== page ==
Steam for Linux Coming in 2012

Steam for Linux Coming in 2012

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Gabe Newell from Valve confirmed it via email.

Despite rumors the pioneering game company was working on a new console, and they still haven't finished Half-Life 3, Gabe Newell has become obsessed with getting his digital distribution tool working with the Linux kernel. Earlier this year, Newell brought out experts in the open source operating system begun by Linus Torvald to show off Left 4 Dead 2. Newell was excited for Linux, and even moved his desk at the Valve offices next to the team working on the native Linux Steam client. We will see the fruits of Valve's labors sooner rather than later, as a fan sent a simple email asking whether Steam would be on Linux by the end of the year.

Gabe Newell's one-word response was, "Yes."

There you have it. Steam on Linux in 2012. Now that's a platform I can get behind.

I haven't experimented with Linux myself, not having the chops (or the time) to get it working with my PC games. But if Linux can run Steam natively, I may just make the switch.

Then I will be a real hacker!*

*not really

Source: Phoronix

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My one concern is the catalogue that will be available. Yes it is nice to see steam expand to more platforms, especially if it means I don't have to reboot back into windows. But if it's just going to be a few source games, then what is the point?

tehbeard:
My one concern is the catalogue that will be available. Yes it is nice to see steam expand to more platforms, especially if it means I don't have to reboot back into windows. But if it's just going to be a few source games, then what is the point?

They said the same thing when Steam was launched on OSX.

Look where that is now.

tehbeard:
My one concern is the catalogue that will be available. Yes it is nice to see steam expand to more platforms, especially if it means I don't have to reboot back into windows. But if it's just going to be a few source games, then what is the point?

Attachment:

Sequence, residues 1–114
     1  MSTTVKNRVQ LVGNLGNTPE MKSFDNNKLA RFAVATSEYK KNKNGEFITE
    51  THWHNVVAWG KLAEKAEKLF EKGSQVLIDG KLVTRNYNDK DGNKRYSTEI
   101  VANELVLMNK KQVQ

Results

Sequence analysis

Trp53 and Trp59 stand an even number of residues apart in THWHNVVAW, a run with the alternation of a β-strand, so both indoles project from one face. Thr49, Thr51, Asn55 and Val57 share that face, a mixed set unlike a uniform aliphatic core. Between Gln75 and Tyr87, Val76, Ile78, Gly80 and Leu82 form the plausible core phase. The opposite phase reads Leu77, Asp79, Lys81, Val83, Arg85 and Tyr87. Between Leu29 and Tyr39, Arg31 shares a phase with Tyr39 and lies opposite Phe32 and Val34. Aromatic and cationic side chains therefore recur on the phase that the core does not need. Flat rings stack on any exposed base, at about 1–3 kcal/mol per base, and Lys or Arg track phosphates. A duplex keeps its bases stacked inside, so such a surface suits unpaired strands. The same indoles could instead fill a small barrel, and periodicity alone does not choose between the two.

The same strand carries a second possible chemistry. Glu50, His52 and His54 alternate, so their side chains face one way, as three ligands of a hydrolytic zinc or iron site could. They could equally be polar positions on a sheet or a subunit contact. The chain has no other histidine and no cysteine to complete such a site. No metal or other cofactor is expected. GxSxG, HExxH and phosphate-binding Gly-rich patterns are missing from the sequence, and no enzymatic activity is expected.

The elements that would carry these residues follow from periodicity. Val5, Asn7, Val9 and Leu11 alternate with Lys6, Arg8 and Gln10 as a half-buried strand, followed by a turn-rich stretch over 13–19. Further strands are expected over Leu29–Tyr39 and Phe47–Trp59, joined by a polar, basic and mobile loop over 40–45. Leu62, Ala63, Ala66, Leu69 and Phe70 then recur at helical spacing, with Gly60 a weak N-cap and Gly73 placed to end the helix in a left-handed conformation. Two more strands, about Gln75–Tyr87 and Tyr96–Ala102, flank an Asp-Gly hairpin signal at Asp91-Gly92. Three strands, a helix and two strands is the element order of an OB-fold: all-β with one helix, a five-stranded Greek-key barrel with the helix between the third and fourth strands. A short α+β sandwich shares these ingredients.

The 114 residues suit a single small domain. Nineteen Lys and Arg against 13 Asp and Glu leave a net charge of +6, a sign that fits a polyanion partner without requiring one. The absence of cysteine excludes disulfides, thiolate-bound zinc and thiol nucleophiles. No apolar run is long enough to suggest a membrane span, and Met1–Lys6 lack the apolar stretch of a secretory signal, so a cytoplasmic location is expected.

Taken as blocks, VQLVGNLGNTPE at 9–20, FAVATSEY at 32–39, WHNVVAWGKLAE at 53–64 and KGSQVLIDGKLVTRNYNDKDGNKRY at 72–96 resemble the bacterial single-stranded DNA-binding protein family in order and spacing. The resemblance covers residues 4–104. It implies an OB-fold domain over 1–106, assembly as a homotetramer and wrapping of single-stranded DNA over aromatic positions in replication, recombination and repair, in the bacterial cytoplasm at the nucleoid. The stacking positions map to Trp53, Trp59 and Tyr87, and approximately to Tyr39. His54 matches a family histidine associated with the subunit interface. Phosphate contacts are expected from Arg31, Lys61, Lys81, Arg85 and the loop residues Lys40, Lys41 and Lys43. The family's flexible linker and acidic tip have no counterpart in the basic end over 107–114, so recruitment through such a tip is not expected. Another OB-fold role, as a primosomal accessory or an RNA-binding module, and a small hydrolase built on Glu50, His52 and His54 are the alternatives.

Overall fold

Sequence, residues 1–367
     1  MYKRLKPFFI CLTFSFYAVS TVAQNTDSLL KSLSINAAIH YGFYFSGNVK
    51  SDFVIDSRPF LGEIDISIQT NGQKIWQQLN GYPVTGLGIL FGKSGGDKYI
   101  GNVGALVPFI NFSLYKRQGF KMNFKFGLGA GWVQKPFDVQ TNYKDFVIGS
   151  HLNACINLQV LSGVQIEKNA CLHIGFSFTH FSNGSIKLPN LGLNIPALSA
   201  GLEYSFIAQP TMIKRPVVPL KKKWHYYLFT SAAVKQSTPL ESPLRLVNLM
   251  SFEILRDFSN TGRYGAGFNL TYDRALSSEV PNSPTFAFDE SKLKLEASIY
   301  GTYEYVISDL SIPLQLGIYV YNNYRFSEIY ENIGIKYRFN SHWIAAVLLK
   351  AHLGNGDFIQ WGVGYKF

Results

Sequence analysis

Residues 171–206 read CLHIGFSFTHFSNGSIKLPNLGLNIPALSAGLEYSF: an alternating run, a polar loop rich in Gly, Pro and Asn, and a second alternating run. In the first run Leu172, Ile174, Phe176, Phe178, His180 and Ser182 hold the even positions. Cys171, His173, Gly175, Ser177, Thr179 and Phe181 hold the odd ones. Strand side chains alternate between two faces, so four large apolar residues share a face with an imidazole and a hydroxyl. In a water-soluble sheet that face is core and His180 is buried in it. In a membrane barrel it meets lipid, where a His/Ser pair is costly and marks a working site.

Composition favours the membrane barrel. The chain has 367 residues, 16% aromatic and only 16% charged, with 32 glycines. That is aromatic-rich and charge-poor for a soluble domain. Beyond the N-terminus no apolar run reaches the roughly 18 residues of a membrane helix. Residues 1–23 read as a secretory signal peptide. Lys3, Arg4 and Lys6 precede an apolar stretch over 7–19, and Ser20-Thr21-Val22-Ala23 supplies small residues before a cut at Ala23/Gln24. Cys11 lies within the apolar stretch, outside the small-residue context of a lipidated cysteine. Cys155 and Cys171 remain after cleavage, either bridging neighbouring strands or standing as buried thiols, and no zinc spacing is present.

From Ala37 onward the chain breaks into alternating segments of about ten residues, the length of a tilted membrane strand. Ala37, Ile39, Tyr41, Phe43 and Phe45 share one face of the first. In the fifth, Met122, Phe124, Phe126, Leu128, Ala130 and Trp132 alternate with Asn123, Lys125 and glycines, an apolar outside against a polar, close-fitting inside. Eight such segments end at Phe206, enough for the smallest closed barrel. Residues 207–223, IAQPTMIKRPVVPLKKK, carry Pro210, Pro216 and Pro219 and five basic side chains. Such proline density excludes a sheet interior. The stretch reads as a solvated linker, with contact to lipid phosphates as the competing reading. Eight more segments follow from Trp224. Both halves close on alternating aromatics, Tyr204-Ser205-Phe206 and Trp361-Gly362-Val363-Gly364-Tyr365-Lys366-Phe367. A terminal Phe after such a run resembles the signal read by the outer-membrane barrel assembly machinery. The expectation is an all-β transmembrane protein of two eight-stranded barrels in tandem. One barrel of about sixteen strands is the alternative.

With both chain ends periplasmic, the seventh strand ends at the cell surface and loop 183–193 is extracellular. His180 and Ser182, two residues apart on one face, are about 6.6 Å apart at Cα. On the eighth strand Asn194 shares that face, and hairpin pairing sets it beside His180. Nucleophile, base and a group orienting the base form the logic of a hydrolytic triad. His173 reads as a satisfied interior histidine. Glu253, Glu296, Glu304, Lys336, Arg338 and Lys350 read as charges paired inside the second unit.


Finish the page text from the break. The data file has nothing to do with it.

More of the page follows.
Now now. It'll be Source games, and then all the games from previous Humble Indie Bundles.

HELL YEESSSSSSSSSS!!!!

And so begins the golden age of linux gaming, in time having to dual boot may become a thing of the past even if it is just for some Valve games for now :D

Although they say this year, that could mean anything in Valve time.

tehbeard:
My one concern is the catalogue that will be available. Yes it is nice to see steam expand to more platforms, especially if it means I don't have to reboot back into windows. But if it's just going to be a few source games, then what is the point?

Almost all the Humble Bundles were Linux compatible, so Bastion, Amnesia, Super Meat Boy, Psychonauts, Cave Story etc will all be there as well.

There's a fair amount of games on Steam that are on Linux already, and this would only encourage more.

Looking forward to this extensively.

Yes. Steam pioneering the game move away from Microshit Windows. Since they don't care about PC gaming at all, they won't mind if we all migrate to other systems and stop using their soon to be useless OS.

tehbeard:
My one concern is the catalogue that will be available. Yes it is nice to see steam expand to more platforms, especially if it means I don't have to reboot back into windows. But if it's just going to be a few source games, then what is the point?

In order to move a great distance, you must first take a single step.

This is fantastic; even if it is in 'Valve time'. I'm quite excited at the prospect of not having to run wine much longer! (Even though Google continues to be shift-y in their Linux support)

Z of the Na'vi:

tehbeard:
My one concern is the catalogue that will be available. Yes it is nice to see steam expand to more platforms, especially if it means I don't have to reboot back into windows. But if it's just going to be a few source games, then what is the point?

They said the same thing when Steam was launched on OSX.

Look where that is now.

I don't have a mac so I am unaware how it's doing, good I presume?

Baresark:
Yes. Steam pioneering the game move away from Microshit Windows. Since they don't care about PC gaming at all, they won't mind if we all migrate to other systems and stop using their soon to be useless OS.

tehbeard:
My one concern is the catalogue that will be available. Yes it is nice to see steam expand to more platforms, especially if it means I don't have to reboot back into windows. But if it's just going to be a few source games, then what is the point?

In order to move a great distance, you must first take a single step.

My fear is not a lack of launch titles, but a lack of growth thereafter.

tehbeard:
My one concern is the catalogue that will be available. Yes it is nice to see steam expand to more platforms, especially if it means I don't have to reboot back into windows. But if it's just going to be a few source games, then what is the point?

I agree with you, there is only going to be a few source games and some indie games on the Linux platform. I doubt very much any non valve AAA games will appear on Linux for the simple reason its going to be a pig to support. Trying to get all the dependencies right for the all the distributions is going to be a nightmare on its own.

Besides it being removed from the PS3 I haven't heard much about Linux since Muhammad Ali's endorsement back at it's inception. Still I suppose no reputation is better than Vita's

Greg Tito:
Then I will be a real hacker!*

*not really